Revazi Mindorashvili of Georgia beat the Russian gold medal favorite in an emotional semifinal match Thursday, then rallied in the final to win the Olympic freestyle wrestling 84-kilogram championship.
Beating a Russian, especially the reigning world champion and gold-medal favorite, was guaranteed to be an emotional and exhilarating experience for any athlete from Georgia.
Mindorashvili, the 2005 world champion, made certain that a match he badly wanted to win _ and did _ against Russia's favored Georgy Ketoev did not take the edge off the most important six minutes of his life later in the day.
His win over Russia no doubt carries an even greater cachet in his homeland, where Russian troops fought his countrymen over two breakaway provinces.
"We are athletes, not politicians," Mindorashvili said. "Our job is to fight hard _ but (on the mat)."
The 32-year-old Mindorashvili won the final two periods 3-0 and 4-0 against Yusup Abdusalomov of Tajikistan for his first world-level championship since winning the 2005 world title.
Following the medals ceremony, Abdusalomov fainted in the mixed zone where reporters conduct brief post-match interviews. He tried several times to get up but couldn't _ possibly dehydrated _ but shakily rose to his feet after being taken to a nearby press conference room, according to bystanders. He did not attend the medalists' news conference.
Those who watched him leave said Addusalmov looked better than before he passed out and, according to trainers, his heartbeat was getting back to normal.
"Everything happens when you have this kind of match in the Olympic final," Mindorashvili said. "I hope he will be well and healthy and there are no problems."
Several hours before, Mindorashvili reversed an European championships loss in April to Ketoev of Russia with a 4-2, 7-3 decision, nearly causing him to break into a middle-of-the-match dance.
The disappointed Russian wouldn't shake his hand as Mindorashvili proudly jabbed a finger against his chest, though the two smiled at each other during the medal ceremony after Taras Danko of Ukraine and Ketoev took the bronzes.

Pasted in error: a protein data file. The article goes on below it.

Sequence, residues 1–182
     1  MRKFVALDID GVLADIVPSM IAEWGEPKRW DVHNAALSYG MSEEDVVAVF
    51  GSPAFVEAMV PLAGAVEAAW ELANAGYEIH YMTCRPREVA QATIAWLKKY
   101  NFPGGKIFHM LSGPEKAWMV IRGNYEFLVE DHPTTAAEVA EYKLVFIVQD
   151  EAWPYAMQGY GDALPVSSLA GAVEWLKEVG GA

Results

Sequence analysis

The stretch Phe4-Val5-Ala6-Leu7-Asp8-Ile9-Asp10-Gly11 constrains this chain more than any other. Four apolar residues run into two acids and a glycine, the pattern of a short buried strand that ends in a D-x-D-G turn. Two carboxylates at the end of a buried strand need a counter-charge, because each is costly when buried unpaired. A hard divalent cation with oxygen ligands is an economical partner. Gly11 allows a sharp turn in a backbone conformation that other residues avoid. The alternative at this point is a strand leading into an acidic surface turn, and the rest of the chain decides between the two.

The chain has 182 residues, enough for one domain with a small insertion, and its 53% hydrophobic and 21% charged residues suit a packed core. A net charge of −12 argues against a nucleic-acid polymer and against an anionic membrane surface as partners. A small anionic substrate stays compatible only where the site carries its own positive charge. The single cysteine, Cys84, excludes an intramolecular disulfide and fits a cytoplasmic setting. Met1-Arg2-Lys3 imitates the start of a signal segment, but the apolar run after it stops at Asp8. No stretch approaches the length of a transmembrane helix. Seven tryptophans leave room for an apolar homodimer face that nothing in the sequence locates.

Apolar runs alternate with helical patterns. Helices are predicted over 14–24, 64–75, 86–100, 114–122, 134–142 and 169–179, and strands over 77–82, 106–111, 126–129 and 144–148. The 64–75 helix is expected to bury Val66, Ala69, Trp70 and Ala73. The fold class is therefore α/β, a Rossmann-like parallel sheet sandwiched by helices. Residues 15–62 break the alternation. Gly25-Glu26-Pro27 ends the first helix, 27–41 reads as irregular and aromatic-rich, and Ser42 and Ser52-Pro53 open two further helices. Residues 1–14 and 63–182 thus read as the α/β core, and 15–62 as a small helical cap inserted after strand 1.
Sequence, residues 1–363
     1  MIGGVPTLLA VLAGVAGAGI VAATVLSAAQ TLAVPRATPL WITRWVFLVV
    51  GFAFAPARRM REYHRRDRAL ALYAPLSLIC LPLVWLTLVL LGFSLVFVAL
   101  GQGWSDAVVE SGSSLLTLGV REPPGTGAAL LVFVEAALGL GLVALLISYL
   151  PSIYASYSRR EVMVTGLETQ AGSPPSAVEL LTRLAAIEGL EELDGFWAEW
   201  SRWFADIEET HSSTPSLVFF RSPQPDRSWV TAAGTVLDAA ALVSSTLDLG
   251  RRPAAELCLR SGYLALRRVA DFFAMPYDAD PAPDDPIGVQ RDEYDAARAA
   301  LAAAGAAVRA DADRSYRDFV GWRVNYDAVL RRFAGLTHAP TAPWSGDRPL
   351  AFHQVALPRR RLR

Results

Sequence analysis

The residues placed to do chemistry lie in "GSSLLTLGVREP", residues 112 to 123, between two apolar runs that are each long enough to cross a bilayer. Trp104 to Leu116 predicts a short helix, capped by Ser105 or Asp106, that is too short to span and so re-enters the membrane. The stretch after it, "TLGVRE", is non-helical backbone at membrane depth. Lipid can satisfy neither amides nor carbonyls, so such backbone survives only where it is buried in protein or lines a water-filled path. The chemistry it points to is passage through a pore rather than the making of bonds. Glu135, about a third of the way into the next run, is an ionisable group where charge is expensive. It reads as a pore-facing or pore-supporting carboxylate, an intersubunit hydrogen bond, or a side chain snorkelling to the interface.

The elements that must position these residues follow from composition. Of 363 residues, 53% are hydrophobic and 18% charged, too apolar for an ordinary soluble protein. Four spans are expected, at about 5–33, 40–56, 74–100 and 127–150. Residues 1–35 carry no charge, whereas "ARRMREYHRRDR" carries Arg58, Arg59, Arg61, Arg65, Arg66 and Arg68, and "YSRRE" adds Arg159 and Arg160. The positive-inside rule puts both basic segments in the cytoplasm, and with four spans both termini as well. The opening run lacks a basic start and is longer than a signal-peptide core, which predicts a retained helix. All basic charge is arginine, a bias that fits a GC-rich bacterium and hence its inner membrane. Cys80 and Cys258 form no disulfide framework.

While Mindorashvili is concerned with his homeland, he insisted he did not take the Georgia vs. Russia conflict to the mat. Georgia once considered pulling its Olympic team out of Beijing.
"We are all very nervous here, of course, and it was difficult at times to concentrate," Mindorashvili said. "I hope there will be peace. We are all sportsmen here and we do not deal with politics."
Despite the hostilities between the two countries, with Russian troops swarming through Georgia several weeks ago, all the Russian fans in the China Agriculture University gymnasium stood politely during the Georgian national anthem. Also standing were members of Russia's wrestling federation.
Without Ketoev, the finals featured two wrestlers who have long been contenders in major tournaments but had never reached this far in an Olympics. In 2004, Abdusalomov was ninth and Mindorashvili was 13th in Athens.
Abdusalomov is 30, but his only previous high finish was a second in last year's world championships.
Andy Hrovat of the United States lost to Reineris Salas of Cuba 0-3, 3-1, 2-2 despite winning the first period of the opening-round match and was eliminated when Salas lost his next match. Only those who lose to finalists enter the bronze medal bracket.
Hrovat gave up the deciding points in the third period while ahead 2-0, thinking he led only 1-0 and needed to be aggressive to get more points.
"I didn't push the pace hard enough," said Hrovat, from Ann Arbor, Mich. "I took a shot, but I needed to take 2-3-4 hard shots."